However, FTL isn’t the best option if you want to ship small quantities of freight that don’t take up a full load, as it’s often more expensive than LTL shipping.

Less-than-truckload (LTL)

LTL freight shipping is ideal for companies that don’t have enough freight to justify waiting to fill a semi-truck. With this shipping method, you share a truck with other companies, limiting your shipping expenses. The main drawback of LTL shipping is that it’s not as fast as FTL. Trucks make multiple stops and may delay the arrival of your goods.

Partial truckload

Partial truckload (PTL), also known as “volume LTL,” falls somewhere between LTL and FTL shipping. Like LTL shipping, partial truckload is well-suited to companies wanting to move smaller quantities of goods. However, volume LTL usually has very particular size requirements and requires a freight class (while LTL doesn’t). 

Ultimately, PTL shipping provides a balance between LTL's cost-efficiency and FTL's faster transit times. 

Air freight

Air freight is the fastest shipping process — and the most expensive. It’s ideal for time-sensitive shipments that need to arrive at their destinations in just a few days. This method makes it easier to access small and inland countries without large or established shipping ports. 

However, when shipping by air, you need to consider the weight of your cargo carefully. Planes tend to have lower weight limits than ships or train cars, so you may be unable to rely on air freight if you want to ship extremely heavy or bulky items. 


“Expedited” isn’t so much a means of shipping as it is a shipping speed. Expedited deliveries are among the fastest types of freight shipping, and can be applied to orders traveling by ground, sea, or air. You can think of expedited shipping as a “rush order” — you pay a premium to ensure goods arrive faster than typical transit times

Speed is the most obvious benefit, but expedited shipping items are also usually more secure. Fewer people handle the items, protecting them from theft and damage. Expedited shipping also gives you an opportunity to increase customer satisfaction with a guaranteed delivery date. The main disadvantage of expedited shipping is the high cost — so unless you’re shipping perishable items or making other time-sensitive deliveries, you may want to try something less expensive.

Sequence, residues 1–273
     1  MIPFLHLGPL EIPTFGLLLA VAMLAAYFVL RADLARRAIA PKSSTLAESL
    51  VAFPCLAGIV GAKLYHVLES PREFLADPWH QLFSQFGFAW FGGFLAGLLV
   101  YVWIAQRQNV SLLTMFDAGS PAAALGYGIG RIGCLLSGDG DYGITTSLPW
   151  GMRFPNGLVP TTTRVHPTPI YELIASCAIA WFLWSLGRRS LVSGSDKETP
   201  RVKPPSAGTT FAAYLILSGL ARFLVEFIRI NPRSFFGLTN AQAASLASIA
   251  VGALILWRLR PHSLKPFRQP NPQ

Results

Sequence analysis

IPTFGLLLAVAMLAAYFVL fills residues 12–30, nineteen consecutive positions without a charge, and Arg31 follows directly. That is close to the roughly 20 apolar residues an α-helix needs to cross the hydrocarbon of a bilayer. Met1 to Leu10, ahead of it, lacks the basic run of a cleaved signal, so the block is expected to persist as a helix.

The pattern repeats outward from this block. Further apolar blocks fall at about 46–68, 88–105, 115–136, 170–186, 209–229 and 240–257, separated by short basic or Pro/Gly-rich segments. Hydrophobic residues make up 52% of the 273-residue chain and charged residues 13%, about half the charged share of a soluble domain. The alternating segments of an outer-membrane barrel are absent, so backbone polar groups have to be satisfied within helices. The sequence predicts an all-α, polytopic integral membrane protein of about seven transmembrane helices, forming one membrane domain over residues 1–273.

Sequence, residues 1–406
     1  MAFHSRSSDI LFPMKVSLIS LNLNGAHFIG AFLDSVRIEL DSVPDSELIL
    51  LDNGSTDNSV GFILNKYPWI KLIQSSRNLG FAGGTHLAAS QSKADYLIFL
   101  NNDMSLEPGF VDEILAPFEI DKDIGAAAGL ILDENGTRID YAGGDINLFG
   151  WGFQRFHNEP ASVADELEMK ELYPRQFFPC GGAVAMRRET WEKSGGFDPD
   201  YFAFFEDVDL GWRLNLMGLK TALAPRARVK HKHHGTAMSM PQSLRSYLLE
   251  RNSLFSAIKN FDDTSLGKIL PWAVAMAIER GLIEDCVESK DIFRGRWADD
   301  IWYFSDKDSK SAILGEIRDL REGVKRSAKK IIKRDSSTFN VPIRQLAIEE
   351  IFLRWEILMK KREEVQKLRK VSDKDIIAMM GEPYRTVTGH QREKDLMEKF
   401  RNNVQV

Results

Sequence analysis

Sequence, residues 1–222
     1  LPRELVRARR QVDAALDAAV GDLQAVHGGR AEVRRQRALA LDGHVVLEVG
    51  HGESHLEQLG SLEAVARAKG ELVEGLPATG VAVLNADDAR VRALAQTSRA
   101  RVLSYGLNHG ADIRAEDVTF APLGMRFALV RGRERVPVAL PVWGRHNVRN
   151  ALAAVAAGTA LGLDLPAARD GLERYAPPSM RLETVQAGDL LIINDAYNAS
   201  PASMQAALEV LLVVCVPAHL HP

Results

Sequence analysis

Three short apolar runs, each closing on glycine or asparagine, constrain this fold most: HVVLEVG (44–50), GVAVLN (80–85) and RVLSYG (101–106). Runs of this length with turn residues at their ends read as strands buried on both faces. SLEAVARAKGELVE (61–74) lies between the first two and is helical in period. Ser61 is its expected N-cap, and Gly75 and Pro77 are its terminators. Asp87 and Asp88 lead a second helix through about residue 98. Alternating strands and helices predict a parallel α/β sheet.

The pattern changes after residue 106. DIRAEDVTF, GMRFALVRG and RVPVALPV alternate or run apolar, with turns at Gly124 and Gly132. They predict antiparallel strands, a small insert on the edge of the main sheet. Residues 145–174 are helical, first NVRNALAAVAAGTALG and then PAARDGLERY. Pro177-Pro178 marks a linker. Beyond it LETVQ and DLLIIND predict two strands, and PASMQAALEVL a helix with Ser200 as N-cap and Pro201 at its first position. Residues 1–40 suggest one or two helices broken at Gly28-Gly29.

Freight shipping transportation types

When it comes to moving large items, there are three main types of transportation.

Dry bed

Dry bed transportation is used for nonperishable items that can’t travel on a flatbed. Dry vans carry furniture, clothing, cosmetics, medical devices, and other goods. They’re also used to ship foods and beverages with a long shelf life, such as bottled water and dried pasta. This method involves attaching a full shipping container to the back of a truck. Dry bed shipping is ideal for large shipments, as many carriers accept loads weighing up to 45,000 pounds. However, items can only be loaded and unloaded from the back of the bed.


Flatbed shipping involves loading goods onto an open platform. If you’ve ever traveled on a highway, you’ve probably seen a flatbed with lumber, pipes, and other items that don’t need much protection from the elements. Flatbeds can haul oversized loads that don’t fit within the confines of a dry bed, and can be loaded from all sides, plus the top (via crane), making them a more versatile option than dry bed shipping.